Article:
Howdy, Stranger!

It looks like you're new here. Sign in or register to get started.

Please take a moment to read the Community guidelines and learn how to use the Community. The personal details and information provided by you will be used by VisitScotland to create your iKnow community account. Any content you provide, such as a profile photo, username, comments and discussions will be publicly available.

By ticking the box and clicking submit you confirm that you have read and agreed to the terms of our privacy policy.

Love Scotland and want to share your stories – why not have a look at all the recent discussions and make a contribution or start a new discussion? Visiting Scotland and looking for some advice – why not ask a question or start a discussion or simply explore all the great content?

Join the conversation today.

Munros for beginners?



  • So inspired to climb my first Munro now! Can't decide which one to go for first though!  :p
  • Dunc19Dunc19 Member
    edited July 2016
    Not sure if anyone has mentioned, but some of the Glenshee Munros are easily accessible and great options for beginners, specifically thinking Cairnwell, Glas Maol, Ben Aosda and Carn a' Geoidh - great for building hill fitness and confidence.  Start from Glenshee Ski Centre.

    Also worth having a look at the Ben Lawers range near Kenmore in Perthshire, as there are good paths to the summit, although summiting Ben Lawers itself (just under 4,000 ft, though the car park at the start is at around 1,000 ft) once you've been over it's neighbouring Munro of Meall Glas, is quite a big day. Also Ben Lomond is a straightforward hill with good paths to the summit - make sure you return to your start point at Balmaha/Rowardennan by coming down the Ptarmigan ridge though - on a clear day, the views over Loch Lomond and the wee islands in the loch are just amazing.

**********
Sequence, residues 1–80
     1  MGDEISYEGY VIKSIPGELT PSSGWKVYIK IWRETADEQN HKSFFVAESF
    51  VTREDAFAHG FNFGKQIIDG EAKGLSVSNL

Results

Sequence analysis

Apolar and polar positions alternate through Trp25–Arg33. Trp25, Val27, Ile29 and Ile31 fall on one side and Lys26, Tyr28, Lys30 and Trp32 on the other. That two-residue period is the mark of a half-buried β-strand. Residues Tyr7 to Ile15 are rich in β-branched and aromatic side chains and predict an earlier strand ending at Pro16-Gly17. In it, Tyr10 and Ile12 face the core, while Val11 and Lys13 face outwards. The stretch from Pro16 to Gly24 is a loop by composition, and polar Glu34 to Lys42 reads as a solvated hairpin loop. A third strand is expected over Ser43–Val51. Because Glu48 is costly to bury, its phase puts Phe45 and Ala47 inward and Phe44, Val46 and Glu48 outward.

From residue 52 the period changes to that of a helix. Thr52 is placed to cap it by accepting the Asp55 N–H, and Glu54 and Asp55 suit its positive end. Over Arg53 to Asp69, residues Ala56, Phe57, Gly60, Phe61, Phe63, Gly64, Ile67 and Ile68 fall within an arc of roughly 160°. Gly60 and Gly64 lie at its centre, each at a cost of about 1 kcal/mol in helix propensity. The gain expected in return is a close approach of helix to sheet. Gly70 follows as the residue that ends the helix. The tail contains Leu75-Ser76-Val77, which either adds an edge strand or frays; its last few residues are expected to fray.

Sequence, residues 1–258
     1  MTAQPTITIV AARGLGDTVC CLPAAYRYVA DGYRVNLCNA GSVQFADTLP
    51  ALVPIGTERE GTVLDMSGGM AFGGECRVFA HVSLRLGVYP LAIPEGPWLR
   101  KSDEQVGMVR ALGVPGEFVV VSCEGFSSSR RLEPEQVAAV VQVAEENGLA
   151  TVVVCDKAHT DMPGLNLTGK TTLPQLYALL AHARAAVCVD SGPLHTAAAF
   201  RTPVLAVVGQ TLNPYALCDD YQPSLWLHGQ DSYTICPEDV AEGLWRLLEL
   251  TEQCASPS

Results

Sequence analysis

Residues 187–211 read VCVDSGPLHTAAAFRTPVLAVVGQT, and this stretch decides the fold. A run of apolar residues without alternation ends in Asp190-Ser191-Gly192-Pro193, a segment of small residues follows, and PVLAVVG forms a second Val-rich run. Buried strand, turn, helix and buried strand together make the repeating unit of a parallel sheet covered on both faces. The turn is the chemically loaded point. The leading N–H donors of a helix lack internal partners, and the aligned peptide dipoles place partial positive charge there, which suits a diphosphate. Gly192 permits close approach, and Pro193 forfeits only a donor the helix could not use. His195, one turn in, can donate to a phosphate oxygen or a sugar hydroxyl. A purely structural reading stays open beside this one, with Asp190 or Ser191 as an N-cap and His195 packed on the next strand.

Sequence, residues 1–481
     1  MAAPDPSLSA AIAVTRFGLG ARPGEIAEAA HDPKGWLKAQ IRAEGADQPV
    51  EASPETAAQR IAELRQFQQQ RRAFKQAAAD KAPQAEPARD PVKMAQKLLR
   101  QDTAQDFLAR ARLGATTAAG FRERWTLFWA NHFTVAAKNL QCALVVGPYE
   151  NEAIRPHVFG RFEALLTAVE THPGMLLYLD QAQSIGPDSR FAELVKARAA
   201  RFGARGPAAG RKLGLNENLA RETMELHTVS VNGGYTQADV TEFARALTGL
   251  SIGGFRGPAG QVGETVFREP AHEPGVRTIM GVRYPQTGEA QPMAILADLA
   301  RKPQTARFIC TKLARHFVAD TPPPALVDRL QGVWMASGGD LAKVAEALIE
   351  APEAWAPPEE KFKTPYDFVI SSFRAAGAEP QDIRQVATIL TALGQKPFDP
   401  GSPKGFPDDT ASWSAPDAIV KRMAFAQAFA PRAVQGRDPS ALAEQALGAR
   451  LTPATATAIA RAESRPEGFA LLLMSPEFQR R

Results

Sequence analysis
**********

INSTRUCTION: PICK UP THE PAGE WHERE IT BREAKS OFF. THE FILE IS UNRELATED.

Hills from railway stations - the Munro Beinn na Lap from Corrour station is pretty straightforward, though the terrain is pretty featureless in mist/fog, so being able to navigate with map and compass would be important.  It's a bit of a lump, but the views over Loch Ossian are amazing - you could even stay in the Youth Hostel on the loch's shores. On the other side of that station is the Corbett of Leum Uilleim (if you've ever seen Trainspotting, you might recognise it!), which is also well worth a walk.  Get a train from Glasgow, or alternatively, drive to Rannoch station and take the train from there to Corrour station. Fionn Bheinn from Achnasheen station (west of Inverness) is also a straightforward walk/climb though again pretty featureless in mist/fog. Lovely wide open Highland countryside in this area too.